like statue for the royalty there. In this case, it would go to the Suez Canal,
and also act as a lighthouse. Why wasn’t it built? Simple, the rulers of Egypt deemed it too
“costly”. 2. There Was A Real Lady Liberty
When it comes to art, especially sculptures featuring human beings, a question that is
often asked is, “Who was this modeled after?” Sometimes it’s a famous person, like the statue
of David, and other times it’s a mystery, like Mona Lisa. For the Statue of Liberty though, Sculptor
Frédéric Bartholdi decided to quite literally look for a model close to home. He used his mother. To the extent that not only was it modeled
after her, he dressed her up as the statue one time to impress a senator at an opera. And the senator was indeed impressed. 1. Parts Of It Were Used To Make A Motorcycle
No, I’m not kidding you, and it was actually a really big deal when it happened. You see, the Statue of Liberty is made of
copper in part as we noted earlier, and during the restoration of the Statue of Liberty,
the commission that takes care of it decided to take that copper and put it to good use. I’ll let them describe the event:
” Through an exclusive agreement, Gold Leaf Corporation commisioned world famous Orange
County Choppers to create a masterpiece of contemporary art utilizing artifacts preserved
from the restoration of the Statue of Liberty. The Liberty Bike serves as an Ambassador of
Liberty perpetuating the message of Liberty and Freedom throughout America and the world. The Liberty Bike is entirely plated in copper
preserved from the centennial restoration of The Statue of Liberty National Monument.” They weren’t joking when they said the thing
was almost entirely made of copper, it is, and it shines brightly because of it. Granted, there are some non-copper things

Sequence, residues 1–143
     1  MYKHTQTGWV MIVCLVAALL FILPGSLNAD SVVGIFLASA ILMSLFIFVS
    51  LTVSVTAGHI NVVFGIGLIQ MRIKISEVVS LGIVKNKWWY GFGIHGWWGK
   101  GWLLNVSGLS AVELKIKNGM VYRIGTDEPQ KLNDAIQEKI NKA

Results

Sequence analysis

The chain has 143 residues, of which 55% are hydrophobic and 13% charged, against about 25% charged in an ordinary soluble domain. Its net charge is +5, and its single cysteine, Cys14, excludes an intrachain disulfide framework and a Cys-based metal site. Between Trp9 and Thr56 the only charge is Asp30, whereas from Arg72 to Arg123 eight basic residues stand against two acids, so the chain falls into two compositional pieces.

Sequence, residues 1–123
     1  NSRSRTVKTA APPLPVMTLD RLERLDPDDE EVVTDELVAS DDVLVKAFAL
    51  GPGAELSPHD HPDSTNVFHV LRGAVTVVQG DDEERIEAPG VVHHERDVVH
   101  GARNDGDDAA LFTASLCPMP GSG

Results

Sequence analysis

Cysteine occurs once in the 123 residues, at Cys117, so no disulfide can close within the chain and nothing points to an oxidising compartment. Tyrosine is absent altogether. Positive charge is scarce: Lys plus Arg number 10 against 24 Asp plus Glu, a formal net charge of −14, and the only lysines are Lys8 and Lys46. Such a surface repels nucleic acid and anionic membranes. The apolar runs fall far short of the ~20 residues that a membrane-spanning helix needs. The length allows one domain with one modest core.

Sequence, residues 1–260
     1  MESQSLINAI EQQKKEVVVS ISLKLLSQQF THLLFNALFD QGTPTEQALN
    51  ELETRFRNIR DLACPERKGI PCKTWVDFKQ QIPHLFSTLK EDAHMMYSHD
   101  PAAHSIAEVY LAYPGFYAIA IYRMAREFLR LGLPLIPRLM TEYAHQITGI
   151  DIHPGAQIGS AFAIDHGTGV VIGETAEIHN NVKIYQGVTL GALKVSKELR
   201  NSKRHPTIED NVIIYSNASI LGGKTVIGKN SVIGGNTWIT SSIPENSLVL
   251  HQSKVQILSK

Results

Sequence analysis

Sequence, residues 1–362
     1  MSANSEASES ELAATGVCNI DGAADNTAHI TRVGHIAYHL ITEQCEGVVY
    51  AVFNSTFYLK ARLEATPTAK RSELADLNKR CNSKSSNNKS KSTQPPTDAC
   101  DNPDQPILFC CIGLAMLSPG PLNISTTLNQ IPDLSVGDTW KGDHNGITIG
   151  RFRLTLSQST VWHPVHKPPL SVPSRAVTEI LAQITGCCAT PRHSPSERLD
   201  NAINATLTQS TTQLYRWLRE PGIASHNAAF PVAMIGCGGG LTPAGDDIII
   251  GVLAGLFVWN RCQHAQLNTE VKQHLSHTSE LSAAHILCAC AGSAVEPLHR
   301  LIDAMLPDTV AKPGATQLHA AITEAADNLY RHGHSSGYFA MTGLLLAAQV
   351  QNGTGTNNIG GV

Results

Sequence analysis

of course, including the wiring that helps the bike go. In fact, there is a section of wiring on the
bike from the Statue of Liberty via the torch. Paul Jr. and Sr worked really hard on the
bike during a couple of episodes of American Chopper, and it stands as one of the most
iconic builds they ever did. And at the time, Paul Jr called it, ” …the
most meaningful bike in the world.” Thanks for watching! What did you think about these facts about
the Statue of Liberty? Did some of them blow you away? Which ones shocked you the most? Let me know in the comments below, be sure
to subscribe, and I’ll see you next time on the channel!

8 thoughts on “12 Surprising Facts About The Statue of Liberty!

  • Another little-known fact is that the statue was never meant to be about immigration, but rather the abolition of slavery. That is why you see an unfettered chain next to one of her feet.

  • You better read that poem again on the statue because you left out a few words. It says for people who can stand on their own and not be a charge to this country. Quit trying to change what it says.

  • about the chopper, I think the frame would have to be made of a stronger metal then copper which is pretty soft and malleable, the thickness of the shell of the statue of liberty is 3/32 of an inch, the thickness of two pennies placed together. unless they forged it into a thicker Mil. I think the copper must have been used more for cosmetic appearance then structural. and wires are made from copper, a pretty good conductor of electricity, next up would be silver, then gold, which are excellent conductors, albeit pricey.